Today is a drippy, slushy day in Bessemer Alabama.
It's a perfect day to look for evidence of global warming.
Let's go outside.
Here some ice has collected on a pine tree. Much more of this, and the power would have gone out, causing me to miss the BCS Championship Game and Auburn playing tonight.
War Eagle!!! We are still keeping our fingers crossed (both regarding power...and the game).
Here a holly tree and its berries are cased in ice. The cedar waxwings will take care of these berries, at some point.
This crepe myrtle has a layer of ice on it. This reminds me of northern friends in Pennsylvania who tell me that they can grow crepe myrtles without having to protect them in winter like they used to have to.
These wisteria vines, which I will be fighting again this year, are covered in ice.
Here are some chilled, frosted rose hips.
How about the camellias. There are several varieties on the property, and some begin blooming in late fall. This one has been blooming for weeks. These blooms will be damaged by the ice, but more will open later in the week or next week.
Ah ha! Here is my evidence.
This camellia normally blooms before Christmas. I have taken pictures of its flowers in the past in December, and have used the flowers in decorating for our Christmas Party, during the first two weeks of December.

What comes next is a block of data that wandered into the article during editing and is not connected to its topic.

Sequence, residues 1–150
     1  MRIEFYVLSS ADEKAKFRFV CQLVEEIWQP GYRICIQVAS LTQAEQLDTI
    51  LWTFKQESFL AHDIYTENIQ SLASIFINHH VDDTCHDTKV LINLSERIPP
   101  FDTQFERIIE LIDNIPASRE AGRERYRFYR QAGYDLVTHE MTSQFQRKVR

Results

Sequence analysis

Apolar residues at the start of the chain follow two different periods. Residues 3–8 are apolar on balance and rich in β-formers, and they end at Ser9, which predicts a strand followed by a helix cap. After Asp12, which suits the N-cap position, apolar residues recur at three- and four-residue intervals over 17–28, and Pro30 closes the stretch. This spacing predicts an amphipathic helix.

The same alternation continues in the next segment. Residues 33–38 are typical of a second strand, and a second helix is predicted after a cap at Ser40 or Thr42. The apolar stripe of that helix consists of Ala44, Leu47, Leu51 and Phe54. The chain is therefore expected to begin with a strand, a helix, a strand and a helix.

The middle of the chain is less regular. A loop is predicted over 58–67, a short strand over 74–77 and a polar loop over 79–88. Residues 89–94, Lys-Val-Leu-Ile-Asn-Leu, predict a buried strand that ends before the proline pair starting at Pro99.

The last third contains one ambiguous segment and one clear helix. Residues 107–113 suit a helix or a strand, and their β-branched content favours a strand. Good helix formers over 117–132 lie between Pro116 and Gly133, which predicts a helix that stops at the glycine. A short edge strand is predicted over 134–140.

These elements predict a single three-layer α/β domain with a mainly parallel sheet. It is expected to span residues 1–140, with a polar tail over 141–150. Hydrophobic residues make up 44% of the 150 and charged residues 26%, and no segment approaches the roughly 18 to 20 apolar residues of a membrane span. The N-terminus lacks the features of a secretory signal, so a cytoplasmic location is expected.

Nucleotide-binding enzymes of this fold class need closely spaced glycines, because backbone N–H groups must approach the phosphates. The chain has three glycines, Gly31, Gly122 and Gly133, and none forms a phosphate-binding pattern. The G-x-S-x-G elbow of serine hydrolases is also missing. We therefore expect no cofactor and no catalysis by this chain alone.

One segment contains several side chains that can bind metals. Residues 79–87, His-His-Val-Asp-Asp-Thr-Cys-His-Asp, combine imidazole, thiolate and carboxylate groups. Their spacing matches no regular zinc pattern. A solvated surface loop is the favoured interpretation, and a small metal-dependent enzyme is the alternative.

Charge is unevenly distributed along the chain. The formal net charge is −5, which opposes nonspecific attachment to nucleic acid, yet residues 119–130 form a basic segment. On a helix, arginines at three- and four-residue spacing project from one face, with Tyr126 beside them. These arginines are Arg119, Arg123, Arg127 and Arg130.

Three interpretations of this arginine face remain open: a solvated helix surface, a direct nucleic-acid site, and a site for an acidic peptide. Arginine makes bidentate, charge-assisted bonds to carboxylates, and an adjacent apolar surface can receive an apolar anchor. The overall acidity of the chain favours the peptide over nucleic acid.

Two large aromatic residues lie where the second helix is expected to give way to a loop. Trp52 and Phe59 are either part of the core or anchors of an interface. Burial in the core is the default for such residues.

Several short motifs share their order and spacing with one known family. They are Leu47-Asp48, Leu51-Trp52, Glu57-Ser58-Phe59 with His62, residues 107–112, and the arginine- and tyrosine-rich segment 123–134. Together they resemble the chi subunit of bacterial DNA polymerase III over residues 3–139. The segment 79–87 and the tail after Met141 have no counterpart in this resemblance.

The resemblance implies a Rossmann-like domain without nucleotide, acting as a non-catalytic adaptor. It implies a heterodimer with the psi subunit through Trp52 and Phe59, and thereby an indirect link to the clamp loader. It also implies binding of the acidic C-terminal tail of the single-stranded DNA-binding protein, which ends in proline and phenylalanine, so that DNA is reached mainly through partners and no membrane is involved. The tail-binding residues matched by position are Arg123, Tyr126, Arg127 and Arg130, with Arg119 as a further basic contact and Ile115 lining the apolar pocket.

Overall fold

This year, this is the first bloom on the plant, and today is January 10. There are lots of buds, so I will be enjoying this plant throughout the month and in to February, most likely.
But why is it a month late blooming?
I am not a camellia expert. I wish I knew one who could come visit and identify the dozen or so varieties that we have. But I would assume that the winter blooming camellia buds enlarge and finally open in response to low or falling temperatures. The plant may have perceived warmer temperatures in the late fall, and responded by delaying blooming.
That is the, although anecdotal and without proof, evidence for global warming I was looking for.
Winter days like today make me think of Tasha Tudor and her book, Tasha Tudor's Garden, my favorite garden book. In it she describes her garden in every season, and pictures accompany the descriptions.
If I were to write such a book, I would include this picture. There's just something about evergreens and ice.
Enjoy this cold, wet, beautiful, winter day in the south.